The Families First Coronavirus Response Act established a crucial health care safeguard for the poorest Americans: protecting Medicaid coverage for people who otherwise would have lost it during the COVID pandemic. But after nearly three years, as part of the Consolidated Appropriations Act of 2022, Congress has set March 31, 2023, as a firm end date for continuous coverage. After that time, states will need to conduct eligibility redeterminations for tens of millions of beneficiaries before the public health emergency ends. This will require states to do in a matter of months what they previously would have been doing continuously over multiple years.
As of August 2022, preliminary federal estimates showed that Medicaid enrollment stood at more than 90.9 million people, or more than one of four Americans. The enrollment rise is partially the result of Medicaid’s singular ability to expand when people need it — without an open- or special-enrollment period, as is true with other forms of insurance. During the pandemic, need surged because of job loss, economic dislocation, and unprecedented sudden health threats. Some disenrollment would then occur naturally as people return to work and shift to marketplace coverage or workplace health plans.
But researchers assume that a good part of the explosive Medicaid enrollment growth — 19.3 million people in just over two years — is the result of people keeping their coverage under continuous enrollment rules, even though they normally would have cycled out of Medicaid as a result of narrow eligibility regulations. For example, if a woman in Texas became eligible during pregnancy, she would normally lose her Medicaid coverage two months postpartum. At that point, Texas caps eligibility for parents at 16 percent of the federal poverty level ($3,978 for a family of three annually) — a level that disqualifies almost all adults. But under the continuous enrollment rules, she remained insured because the state’s standard for pregnant people (203% of poverty, or $50,469 annually) effectively remained in place throughout the public health emergency.
The federal government estimates that, ultimately, enrollment will end for nearly 15 million people. Of this group, officials estimate that approximately 8.2 million will lose eligibility owing to income changes. Another 6.8 million will lose coverage because of administrative churning, which refers to eligibility redetermination errors, even if people remain eligible. This may happen if beneficiaries do not respond to information requests that they failed to receive, for instance. Nearly 400,000 working-age adults will lose insurance because they fall into the coverage gap — that is, they live in states that have not yet expanded Medicaid eligibility as allowed under the Affordable Care Act. Uninsured rates, which reached historic lows in 2022, likely will start climbing again, perhaps steeply.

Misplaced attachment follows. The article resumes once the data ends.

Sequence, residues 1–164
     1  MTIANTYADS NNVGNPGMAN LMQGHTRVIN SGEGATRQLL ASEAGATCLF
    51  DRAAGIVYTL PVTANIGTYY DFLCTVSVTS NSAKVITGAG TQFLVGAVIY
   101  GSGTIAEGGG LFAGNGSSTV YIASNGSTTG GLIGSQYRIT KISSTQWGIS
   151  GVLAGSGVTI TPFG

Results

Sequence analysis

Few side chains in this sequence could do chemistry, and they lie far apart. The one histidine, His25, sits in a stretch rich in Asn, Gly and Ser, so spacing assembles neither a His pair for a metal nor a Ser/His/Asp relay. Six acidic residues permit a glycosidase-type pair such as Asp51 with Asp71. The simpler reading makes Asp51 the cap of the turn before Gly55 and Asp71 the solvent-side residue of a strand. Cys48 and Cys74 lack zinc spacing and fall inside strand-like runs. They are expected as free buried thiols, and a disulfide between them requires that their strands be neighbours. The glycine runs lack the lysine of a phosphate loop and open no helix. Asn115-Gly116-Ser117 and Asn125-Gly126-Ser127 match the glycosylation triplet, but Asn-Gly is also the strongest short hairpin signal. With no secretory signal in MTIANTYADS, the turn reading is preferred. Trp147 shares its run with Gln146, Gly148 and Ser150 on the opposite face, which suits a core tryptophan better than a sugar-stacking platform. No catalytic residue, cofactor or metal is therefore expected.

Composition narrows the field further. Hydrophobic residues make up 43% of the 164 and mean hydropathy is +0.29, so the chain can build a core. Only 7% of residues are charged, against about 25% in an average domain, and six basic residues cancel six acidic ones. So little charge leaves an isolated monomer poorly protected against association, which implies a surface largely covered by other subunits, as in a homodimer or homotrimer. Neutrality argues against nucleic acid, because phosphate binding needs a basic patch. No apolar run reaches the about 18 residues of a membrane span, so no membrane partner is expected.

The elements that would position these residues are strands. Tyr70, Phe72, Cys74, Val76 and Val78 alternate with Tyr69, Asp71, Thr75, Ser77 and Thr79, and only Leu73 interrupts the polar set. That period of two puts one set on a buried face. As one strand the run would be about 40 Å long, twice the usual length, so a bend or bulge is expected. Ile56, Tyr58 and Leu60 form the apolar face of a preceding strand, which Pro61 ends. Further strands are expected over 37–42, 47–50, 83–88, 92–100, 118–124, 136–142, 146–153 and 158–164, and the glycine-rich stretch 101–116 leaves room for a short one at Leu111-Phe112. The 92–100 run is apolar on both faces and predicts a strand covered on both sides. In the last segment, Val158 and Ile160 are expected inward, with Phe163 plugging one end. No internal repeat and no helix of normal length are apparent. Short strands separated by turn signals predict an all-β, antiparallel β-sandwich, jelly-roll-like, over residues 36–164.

Congress has attempted to anticipate and avert administrative churning, but it is unclear how effective these efforts will be. Once the public health emergency wind-down begins on April 1, 2023, the federal government will give states enhanced funding for nine months. But the funding enhancement is modest; it falls to 5 percentage points on April 1 from the current 6.2 percentage-point level and ultimately, to 1.5 percentage points. Congress also set certain ground rules. States must adhere to federal eligibility redetermination rules, including a streamlined renewal process that minimizes paperwork. They also must attempt to update beneficiaries’ contact information and cannot terminate coverage based on returned mail without further good-faith contact efforts. Further, states must submit extensive publicly available monthly reports on termination rates and the rate of reenrollment into the Children’s Health Insurance Program or marketplace coverage. Additionally, the law gives the Secretary of the Department of Health and Human Services unprecedented enforcement powers to order states to implement corrective action plans if they fail to follow the rules and then to bar states from continuing to terminate if they fail to follow the plans.
The law contains notable omissions and limitations. First, nothing in the law requires states to use all available community resources — for instance, managed care plans and safety-net providers like community health centers or hospitals — to bolster outreach and redetermination efforts. These organizations could assist in contacting beneficiaries and helping them navigate the process. Second, the wind-down process may encourage states to move quickly. The enhanced federal funding rate of 5 percent runs out in June 2023, well before the end of the wind-down period. This may tempt states to hasten the process and potentially elevate the risk of administrative error. Third, the law contains no special protections for beneficiaries undergoing treatment for serious physical and mental health conditions.
Ultimately, the greatest risk of coverage losses falls on low-income children and working-age adults. People who are eligible because of age or disability are less likely to experience the types of changes in circumstances that result in loss of coverage. But no beneficiaries will be safe from the wind-down’s effects and policymakers should brace for major disruptions in coverage and care.